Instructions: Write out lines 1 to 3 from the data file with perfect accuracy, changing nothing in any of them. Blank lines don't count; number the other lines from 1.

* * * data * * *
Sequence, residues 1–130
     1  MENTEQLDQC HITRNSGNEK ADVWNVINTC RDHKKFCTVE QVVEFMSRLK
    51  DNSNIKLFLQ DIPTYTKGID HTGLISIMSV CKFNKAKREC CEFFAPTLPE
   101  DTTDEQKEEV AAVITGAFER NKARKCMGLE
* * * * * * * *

Sequence, residues 1–130
     1  MENTEQLDQC HITRNSGNEK ADVWNVINTC RDHKKFCTVE QVVEFMSRLK
    51  DNSNIKLFLQ DIPTYTKGID HTGLISIMSV CKFNKAKREC CEFFAPTLPE